Earlier, the president of the European commission, Jean-Claude Juncker, said the British had voted to leave and “it doesn’t make any sense to wait until October to try to negotiate the terms of their departure”.

Juncker, who said Britain’s departure would not be “an amicable divorce” but observed it was never “a tight love affair anyway”, said he would “like to get started immediately”.

Luxembourg’s foreign minister, Jean Asselborn, said he hoped “we won’t get into a cat and mouse game over this. That would neither be fitting for Britain nor the European Union.”

Emmanuel Macron, the French economy minister, said at a Paris debate on Europe that the top priority was to arrange a “smooth, rapid and very well-organised” UK exit, adding: “We have to be organised, and we don’t have to wait for months and months. Now we need a quick fix on this situation.”

In Brussels, the office of Donald Tusk, president of the European council, said Didier Seeuws, a Belgian aide to Tusk’s predecessor, Herman Van Rompuy, would head the union’s taskforce to negotiate Britain’s exit from the union and had started on the preparatory work.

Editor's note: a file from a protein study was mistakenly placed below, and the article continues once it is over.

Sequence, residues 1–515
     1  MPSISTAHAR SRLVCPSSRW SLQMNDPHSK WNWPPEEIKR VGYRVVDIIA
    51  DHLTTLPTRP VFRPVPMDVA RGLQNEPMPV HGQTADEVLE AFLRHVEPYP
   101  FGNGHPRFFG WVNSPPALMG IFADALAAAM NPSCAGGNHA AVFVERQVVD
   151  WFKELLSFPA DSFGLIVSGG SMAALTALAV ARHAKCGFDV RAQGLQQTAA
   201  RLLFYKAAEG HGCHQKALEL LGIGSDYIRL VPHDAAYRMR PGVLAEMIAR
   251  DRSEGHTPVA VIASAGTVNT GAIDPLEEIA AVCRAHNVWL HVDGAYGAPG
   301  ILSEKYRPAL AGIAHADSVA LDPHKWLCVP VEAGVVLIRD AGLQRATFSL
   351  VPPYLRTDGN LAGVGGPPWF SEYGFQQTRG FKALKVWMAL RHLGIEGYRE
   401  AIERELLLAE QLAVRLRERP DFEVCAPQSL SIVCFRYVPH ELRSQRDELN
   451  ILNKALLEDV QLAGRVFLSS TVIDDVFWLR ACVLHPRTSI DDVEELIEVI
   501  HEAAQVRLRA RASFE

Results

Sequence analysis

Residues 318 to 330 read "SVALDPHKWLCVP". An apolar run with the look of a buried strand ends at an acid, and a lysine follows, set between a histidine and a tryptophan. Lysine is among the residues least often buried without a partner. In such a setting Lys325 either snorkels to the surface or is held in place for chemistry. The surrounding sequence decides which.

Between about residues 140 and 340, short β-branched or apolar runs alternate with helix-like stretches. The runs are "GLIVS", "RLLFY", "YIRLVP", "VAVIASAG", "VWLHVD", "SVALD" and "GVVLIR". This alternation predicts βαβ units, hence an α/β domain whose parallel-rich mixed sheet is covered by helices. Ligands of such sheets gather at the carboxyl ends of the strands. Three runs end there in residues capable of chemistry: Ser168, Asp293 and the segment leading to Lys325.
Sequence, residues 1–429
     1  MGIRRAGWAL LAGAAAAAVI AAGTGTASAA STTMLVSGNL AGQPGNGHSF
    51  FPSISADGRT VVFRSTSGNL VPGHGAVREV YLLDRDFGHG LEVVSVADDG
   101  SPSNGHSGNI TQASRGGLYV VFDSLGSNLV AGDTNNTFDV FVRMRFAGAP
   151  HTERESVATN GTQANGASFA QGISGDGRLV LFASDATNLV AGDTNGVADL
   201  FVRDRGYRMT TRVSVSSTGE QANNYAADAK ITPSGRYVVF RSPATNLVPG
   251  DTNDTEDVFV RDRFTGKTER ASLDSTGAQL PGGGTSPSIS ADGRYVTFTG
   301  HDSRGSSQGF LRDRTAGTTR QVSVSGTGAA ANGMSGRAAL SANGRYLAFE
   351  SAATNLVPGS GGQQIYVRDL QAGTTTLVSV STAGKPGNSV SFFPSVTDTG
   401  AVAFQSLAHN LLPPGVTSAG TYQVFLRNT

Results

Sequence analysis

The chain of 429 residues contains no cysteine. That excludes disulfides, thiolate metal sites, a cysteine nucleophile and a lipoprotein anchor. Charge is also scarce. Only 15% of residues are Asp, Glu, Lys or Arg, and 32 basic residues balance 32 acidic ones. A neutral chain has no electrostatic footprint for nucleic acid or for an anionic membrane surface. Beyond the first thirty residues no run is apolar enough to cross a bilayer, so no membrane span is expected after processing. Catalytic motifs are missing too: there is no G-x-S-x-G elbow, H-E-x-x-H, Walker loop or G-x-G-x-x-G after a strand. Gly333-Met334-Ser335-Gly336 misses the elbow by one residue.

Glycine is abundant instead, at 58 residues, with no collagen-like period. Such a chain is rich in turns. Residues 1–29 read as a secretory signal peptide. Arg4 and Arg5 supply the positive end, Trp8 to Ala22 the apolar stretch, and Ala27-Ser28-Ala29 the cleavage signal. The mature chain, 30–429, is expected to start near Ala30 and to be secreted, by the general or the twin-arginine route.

The German chancellor, Angela Merkel, speaking separately at a news conference in Potsdam, saidit “shouldn’t take forever” for Britain to deliver formal notification that it wants to leave the EU, but she “would not fight over a short period of time”.

Making it clear that the matter was ultimately in London’s hands, Merkel said there was “no need to be particularly nasty in any way in the negotiations. They must be conducted properly.”

Much as the EU might like Britain to go fast, there are few legal means to compel it to start the process of leaving.

“There is no mechanism to compel a state to withdraw from the European Union,” said Kenneth Armstrong, professor of European law at Cambridge University.

“Article 50 is there to allow withdrawal, but no other party has the right to invoke article 50, no other state or institution. While delay is highly undesirable politically, legally there is nothing that can compel a state to withdraw.”

Article 7 of the Lisbon treaty can be used to suspend a member state for breaching fundamental EU rights, but it is considered a “nuclear option”, and Britain has done nothing to warrant it.